Church carry

Discussion in 'Places Off-Limits' started by johnpeace, Mar 19, 2005.

  1. johnpeace

    johnpeace Guest

    Saw this blog entry and it got me thinking:

    The ruthlessness with which the left demands that anything 'religious' not interfere or participate in governmental affairs...if we put that shoe on the other foot, we have a state that must leave churches alone.

    Does the state have the right to force churchgoers to disarm?
  2. Malum Prohibitum

    Malum Prohibitum Moderator Staff Member

    Good article.

    Jesus did not mention guns. Not even once.

    He did, however, mention swords! And not just in the context of living and dying by the sword. A less often quoted mention occurred at the Last Supper. Please turn with me now to Luke, Chapter 22, and read along.

    35 And He said to them, "When I sent you out without money belt and bag and sandals, you did not lack anything, did you?" [Malum's note: This is obviously a reference to sending the 70 disciples out in Luke 10, where the implication is that these matters would be taken care of supernaturally. Read it, too, for context, especially v.4.] They said, "No, nothing."

    36 And He said to them, "But now, whoever has a money belt is to take it along, likewise also a bag, and whoever has no sword is to sell his coat and buy one. [emphasis is mine]

    37 "For I tell you that this which is written must be fulfilled in Me, 'AND HE WAS NUMBERED WITH TRANSGRESSORS'; for that which refers to Me has its fulfillment."

    38 They said, "Lord, look, here are two swords." And He said to them, "It is enough."

    I left the last verse in for context. Some say that the statement of "It is enough" is one of impatience that yet again the apostles failed to understand his true message, which had nothing to do with a sword at all. Of course, these same people do not argue that Jesus really didn't want the apostles to bring along a bag and money belt and coat! Somehow, they have no problem believing that these less offensive items were intended literally. Paul, of course, later laments from his cold Roman prison that he has left his coat with a Christian brother, Carpus, hundreds of miles away in Troas, and, in his first letter to young Timothy, asks Timothy to bring the coat to him when he journeys to Rome to visit the apostle in his Roman dungeon. See 2 Timothy 4:13. This emphasizes the fact that a coat is pretty important. The only other items Paul requests are books and paper (for scripture study and writing, no doubt). A sword must be pretty important if a coat is to be sold to obtain one if necessary. The fact that two swords is enough for the group probably means that they were for defensive use, rather than offensive. The word, by the way, if translated literally from the Greek, means what most of you would recognize as a Greek short sword - suitable for easy carry.

    I, for one, do not believe that any verse of the Bible is meaningless, trite, or trivial. The reference to selling one's coat emphasizes that a sword was pretty important.

    Interesting that disciples were still armed after all those years with Jesus.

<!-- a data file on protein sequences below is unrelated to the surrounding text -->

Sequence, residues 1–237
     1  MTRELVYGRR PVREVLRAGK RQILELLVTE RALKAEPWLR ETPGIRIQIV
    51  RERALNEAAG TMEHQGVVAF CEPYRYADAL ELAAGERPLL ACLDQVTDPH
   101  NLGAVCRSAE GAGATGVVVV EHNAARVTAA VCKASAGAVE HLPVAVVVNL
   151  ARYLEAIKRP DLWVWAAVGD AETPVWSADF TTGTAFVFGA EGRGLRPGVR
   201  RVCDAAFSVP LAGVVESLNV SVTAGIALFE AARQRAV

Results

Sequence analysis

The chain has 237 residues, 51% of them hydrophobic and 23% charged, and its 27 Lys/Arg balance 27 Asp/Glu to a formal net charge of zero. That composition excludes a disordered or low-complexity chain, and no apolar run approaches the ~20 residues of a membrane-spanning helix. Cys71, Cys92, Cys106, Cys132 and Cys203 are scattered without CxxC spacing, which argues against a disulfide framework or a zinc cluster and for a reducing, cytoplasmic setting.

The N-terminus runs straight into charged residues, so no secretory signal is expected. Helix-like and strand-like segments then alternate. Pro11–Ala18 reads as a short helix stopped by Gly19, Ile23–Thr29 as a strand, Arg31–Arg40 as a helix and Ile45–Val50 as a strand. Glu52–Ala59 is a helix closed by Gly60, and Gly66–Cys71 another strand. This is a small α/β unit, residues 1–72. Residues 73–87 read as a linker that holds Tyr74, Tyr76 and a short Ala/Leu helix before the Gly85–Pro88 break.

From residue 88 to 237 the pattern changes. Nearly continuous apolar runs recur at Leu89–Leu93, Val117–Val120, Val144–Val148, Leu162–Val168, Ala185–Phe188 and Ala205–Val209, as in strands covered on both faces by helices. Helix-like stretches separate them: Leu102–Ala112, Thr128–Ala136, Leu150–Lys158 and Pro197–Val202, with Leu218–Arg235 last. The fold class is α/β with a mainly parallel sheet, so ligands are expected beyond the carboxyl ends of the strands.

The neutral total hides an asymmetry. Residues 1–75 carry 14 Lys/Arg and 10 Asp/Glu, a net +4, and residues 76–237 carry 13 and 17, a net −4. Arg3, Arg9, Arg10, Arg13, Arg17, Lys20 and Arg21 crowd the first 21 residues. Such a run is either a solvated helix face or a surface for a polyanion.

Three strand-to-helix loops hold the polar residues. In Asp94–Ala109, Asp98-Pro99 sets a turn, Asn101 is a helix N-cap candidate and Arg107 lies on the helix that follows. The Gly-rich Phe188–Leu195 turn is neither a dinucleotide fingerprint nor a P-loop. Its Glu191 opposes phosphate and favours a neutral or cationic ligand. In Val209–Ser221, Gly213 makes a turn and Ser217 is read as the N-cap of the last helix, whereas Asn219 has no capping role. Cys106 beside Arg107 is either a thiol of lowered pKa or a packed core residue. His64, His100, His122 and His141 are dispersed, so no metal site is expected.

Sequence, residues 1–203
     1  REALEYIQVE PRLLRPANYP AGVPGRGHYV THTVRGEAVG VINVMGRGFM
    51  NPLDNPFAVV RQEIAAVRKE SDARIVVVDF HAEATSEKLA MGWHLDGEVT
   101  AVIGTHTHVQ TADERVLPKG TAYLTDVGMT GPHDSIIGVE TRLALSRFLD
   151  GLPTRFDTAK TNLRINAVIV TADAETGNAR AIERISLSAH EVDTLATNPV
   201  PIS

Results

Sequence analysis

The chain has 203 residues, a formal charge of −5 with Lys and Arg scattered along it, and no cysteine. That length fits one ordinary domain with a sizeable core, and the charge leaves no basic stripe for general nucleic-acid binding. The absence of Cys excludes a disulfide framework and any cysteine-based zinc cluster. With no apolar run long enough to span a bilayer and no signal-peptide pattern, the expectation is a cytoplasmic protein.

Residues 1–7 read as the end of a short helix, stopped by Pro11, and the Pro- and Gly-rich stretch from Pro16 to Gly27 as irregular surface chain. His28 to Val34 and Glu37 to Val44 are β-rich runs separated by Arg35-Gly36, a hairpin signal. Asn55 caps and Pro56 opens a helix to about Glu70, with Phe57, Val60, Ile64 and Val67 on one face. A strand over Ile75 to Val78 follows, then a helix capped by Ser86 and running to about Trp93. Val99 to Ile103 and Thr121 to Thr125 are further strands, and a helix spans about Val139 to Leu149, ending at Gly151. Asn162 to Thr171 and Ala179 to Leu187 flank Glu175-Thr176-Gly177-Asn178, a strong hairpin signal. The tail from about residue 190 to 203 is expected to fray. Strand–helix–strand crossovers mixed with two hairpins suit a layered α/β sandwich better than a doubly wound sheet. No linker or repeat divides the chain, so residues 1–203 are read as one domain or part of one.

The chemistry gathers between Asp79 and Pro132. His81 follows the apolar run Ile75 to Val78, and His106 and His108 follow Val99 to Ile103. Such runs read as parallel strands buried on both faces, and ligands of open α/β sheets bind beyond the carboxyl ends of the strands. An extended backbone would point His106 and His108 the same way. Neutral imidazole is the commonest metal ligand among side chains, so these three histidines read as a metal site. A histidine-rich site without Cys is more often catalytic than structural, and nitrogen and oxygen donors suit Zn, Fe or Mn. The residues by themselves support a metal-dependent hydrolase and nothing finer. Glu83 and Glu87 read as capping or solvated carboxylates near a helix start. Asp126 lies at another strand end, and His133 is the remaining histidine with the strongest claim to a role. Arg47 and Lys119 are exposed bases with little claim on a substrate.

3. gunsmoker

    gunsmoker Lawyer and Gun Activist

    I don't know if the State governments have the power to regulate or ban the carrying of weapons in public places, or in private business establishments, or in churches. On one hand, you have private property rights and what those entities THINK will make them safer (disarmament), and on the other hand you have a right to keep and bear arms and a theory of what WE THINK will make those places safer for everybody (armed good guys, since we know the bad guys will ignore the law and carry where they want, when they want).

    But I am SURE that no level of government has, or should have, the power to force a church to tolerate behavior on church property that the church doctrine finds repugnant and offensive to their religious beliefs. So if a church is known to teach pacifism and "turn the other cheek" without also talking about self-reliance and the duty to fight the good fight for just and noble causes, that church is totally within their rights to ban anti-personnel weapons from their property, or even to make members of their congregation take a vow not to own such weapons at home. This is the Church's choice to adopt as their doctrine and each member's choice to accept or reject (like so many Episcopalians left that church when it ordained an openly-gay Bishop).

    The "free exercise of religion" clause is at least on equal footing with the Second Amendment, especially with regard to carrying small arms on a daily basis in public in times of peace.

  4. Malum Prohibitum

    Malum Prohibitum Moderator Staff Member

    This is why eliminating "public gatherings" from the code is so important.

    A Colorado style law, allowing carry everywhere and forcing the legislators to list all in one place each and every specific location that is off limits would do wonders, I think.

    Keep in mind that this is the only place where churches are listed - public gatherings.

    I also think that in these days of muslim terrorist attacks, disarmed victims in a "Christian" church offer a rather tempting target to the muslim fanatic . . .
  5. Gunstar1

    Gunstar1 Administrator

    I think caselaw says you cannot.